My mother could never understand why I liked to read Cioran. “Sure, he's good,” she used to say, “but isn't he over the top?” I remember that I disliked her comment. “So what if he's over the top, if indeed that is the case?” I would blurt at her and then remind her that particularly a woman like her should know better. And what kind of woman was she, some may like to know? As far as I am concerned, and apart from being family, she was the most fascinating person I have ever known. And what fascinated me about her was her ability to combine total mercilessness with soft reason. She was brutal in her approach to facts, which she always formalized down to the “meremost minimum.” “This is this,” she used to say, “not something else.” “Sure,” I would say, feeling crushed by 'reality' “but listen to this,” and then I would venture into some counter-argument that would make the matter-of-fact situation appear more nuanced - or so I liked to believe.
What I liked about mother was the fact that although she was always ready to bulldozer my exposition, she would often also go: “I see your point – beyond 'the fact'” - which would stop her demolition project. As I grew older, I understood what enabled her to be both uncompromising and yet flexibly reasonable about listening to how "this is this" might also be something else. She always hoped that people, even when living most inauthentic lives for the most part, had the potential to reveal their 'religious' dimension within themselves and to her. Expecting this of everyone was a tall order, however, and it didn't make her popular. On that, one could then say that she was as over the top as Cioran, whom I still read for the exact same reason: that he really believed that reading for the soul, rather than the plot, is infinitely more interesting. We narrativize our existences all the time, all according to the variables available to us to permute and which enable us to feel good about ourselves. But the soul, as mother and Cioran seem to suggest, has its own set of channels through which to manifest itself.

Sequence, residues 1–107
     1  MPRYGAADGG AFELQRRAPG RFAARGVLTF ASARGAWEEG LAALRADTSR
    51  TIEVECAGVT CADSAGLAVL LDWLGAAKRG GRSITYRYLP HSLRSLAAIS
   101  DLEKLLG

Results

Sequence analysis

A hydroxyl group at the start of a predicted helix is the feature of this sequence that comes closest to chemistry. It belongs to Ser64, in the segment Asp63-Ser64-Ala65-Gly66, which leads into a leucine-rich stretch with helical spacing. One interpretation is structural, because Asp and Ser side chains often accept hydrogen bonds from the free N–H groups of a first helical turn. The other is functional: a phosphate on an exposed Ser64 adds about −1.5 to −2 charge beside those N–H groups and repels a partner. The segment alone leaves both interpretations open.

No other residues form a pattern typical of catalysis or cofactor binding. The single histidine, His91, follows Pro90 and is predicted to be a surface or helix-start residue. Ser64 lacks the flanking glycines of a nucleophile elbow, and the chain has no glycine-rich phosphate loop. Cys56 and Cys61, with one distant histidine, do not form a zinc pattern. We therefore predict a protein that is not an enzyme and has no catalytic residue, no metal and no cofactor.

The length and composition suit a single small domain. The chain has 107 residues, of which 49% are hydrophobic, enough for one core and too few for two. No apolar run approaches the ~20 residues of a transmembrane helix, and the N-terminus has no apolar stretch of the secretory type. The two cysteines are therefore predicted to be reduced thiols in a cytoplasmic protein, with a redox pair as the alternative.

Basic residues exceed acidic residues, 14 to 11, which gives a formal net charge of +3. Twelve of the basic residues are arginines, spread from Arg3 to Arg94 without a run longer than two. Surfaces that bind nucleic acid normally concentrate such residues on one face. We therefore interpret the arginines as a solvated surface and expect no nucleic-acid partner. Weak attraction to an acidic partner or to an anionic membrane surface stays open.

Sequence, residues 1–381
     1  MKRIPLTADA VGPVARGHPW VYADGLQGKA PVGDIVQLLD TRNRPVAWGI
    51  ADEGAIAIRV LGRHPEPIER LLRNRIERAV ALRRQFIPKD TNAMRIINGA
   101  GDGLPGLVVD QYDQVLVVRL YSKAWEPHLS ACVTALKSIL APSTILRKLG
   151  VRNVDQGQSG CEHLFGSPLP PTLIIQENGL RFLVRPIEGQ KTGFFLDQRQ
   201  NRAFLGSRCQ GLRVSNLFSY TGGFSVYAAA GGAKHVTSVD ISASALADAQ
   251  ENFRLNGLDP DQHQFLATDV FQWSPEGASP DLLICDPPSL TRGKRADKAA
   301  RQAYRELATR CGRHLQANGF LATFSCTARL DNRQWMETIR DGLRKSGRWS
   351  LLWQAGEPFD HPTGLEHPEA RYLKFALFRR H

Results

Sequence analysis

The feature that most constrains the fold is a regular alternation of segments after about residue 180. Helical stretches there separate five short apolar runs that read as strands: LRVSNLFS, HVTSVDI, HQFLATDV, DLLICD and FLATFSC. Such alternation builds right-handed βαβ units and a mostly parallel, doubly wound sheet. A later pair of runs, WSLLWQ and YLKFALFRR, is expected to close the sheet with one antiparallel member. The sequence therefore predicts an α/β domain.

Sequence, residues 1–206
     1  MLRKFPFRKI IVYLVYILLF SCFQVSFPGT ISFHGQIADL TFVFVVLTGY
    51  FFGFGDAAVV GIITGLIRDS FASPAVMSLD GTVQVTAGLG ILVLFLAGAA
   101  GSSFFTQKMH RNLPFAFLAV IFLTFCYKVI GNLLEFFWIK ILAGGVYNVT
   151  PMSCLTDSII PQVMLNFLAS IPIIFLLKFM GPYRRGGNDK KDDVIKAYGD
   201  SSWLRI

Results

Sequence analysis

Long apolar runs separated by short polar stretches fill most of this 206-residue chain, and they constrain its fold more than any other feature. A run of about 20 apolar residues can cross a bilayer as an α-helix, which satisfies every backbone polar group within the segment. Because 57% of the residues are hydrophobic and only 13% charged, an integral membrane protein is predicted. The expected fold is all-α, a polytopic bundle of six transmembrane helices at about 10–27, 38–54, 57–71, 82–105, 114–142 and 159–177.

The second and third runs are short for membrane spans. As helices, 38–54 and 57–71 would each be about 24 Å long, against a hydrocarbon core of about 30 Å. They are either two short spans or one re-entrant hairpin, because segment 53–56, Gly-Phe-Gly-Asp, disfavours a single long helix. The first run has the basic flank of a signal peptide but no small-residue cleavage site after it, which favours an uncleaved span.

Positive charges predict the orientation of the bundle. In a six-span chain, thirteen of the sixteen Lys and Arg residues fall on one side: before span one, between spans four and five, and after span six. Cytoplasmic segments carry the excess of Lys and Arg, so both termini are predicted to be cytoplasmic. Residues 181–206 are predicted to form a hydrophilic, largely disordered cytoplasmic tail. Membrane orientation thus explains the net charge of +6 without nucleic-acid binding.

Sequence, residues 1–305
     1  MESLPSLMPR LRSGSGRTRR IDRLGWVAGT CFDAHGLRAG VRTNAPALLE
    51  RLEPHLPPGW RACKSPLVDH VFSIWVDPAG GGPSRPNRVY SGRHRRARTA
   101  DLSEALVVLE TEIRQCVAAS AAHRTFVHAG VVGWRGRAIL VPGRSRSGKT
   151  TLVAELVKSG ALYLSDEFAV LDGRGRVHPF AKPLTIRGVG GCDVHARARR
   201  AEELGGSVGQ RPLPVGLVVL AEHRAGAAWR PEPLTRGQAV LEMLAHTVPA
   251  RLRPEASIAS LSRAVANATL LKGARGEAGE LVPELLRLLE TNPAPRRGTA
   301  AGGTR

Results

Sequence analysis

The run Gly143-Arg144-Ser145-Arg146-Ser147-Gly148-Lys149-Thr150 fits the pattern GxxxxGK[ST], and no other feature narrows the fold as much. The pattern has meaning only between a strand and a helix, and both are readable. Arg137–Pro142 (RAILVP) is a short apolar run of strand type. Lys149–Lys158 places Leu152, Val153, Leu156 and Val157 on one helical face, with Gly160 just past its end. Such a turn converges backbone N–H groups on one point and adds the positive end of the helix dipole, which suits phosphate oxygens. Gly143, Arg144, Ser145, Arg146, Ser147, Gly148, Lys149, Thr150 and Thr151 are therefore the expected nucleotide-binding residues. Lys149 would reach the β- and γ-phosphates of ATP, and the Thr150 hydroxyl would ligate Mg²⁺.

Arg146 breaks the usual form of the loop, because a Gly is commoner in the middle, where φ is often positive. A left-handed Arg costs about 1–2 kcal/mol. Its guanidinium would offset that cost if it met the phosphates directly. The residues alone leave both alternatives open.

My partial translation of and introduction to Cioran's Cartea Amagirilor (The Book of Delusions) has come out in the latest issue of Hyperion, the New York based journal of philosophy and aesthetics. Fragments of insights into the soul are in it, and the editors did a beautiful job at matching what is at stake in our desires to relate to people in the moment when they reveal themselves to us 'beyond the fact'. The fact also that Mark Daniel Cohen managed to be so exquisite in his layout and visual effects after his accident—which has delayed the publication—is quite miraculous in itself, which supports the idea that if the soul is believed in, it is rendered as an experience of beauty in the unfinished, which thus itself takes on infinite proportions. Mark is the master supremo of good sense and style. Congrats, my friend, and welcome back to life.
Here are also a few listings so far of the Cioran piece, which interestingly enough, and although independent of each other, quote passages that basically say the same. In Cioran's words:
"––Just like when during daytime, when we close our eyes to immerse ourselves in the sudden darkness we discover points of light and bands of color which remind us of the other part of the world, when likewise we descend into the vast and dark depths of our soul, when what is revealed onto us, in the margins of darkness, we find the reflections of an unsuspected golden world. Can these reflections be a calling to our soul or a regret?
Thought cannot solve the contradictions of the soul.
I only love the one who goes beyond there is."
(E.M. CIORAN: The Book of Delusions)
Hyperion (full pdf)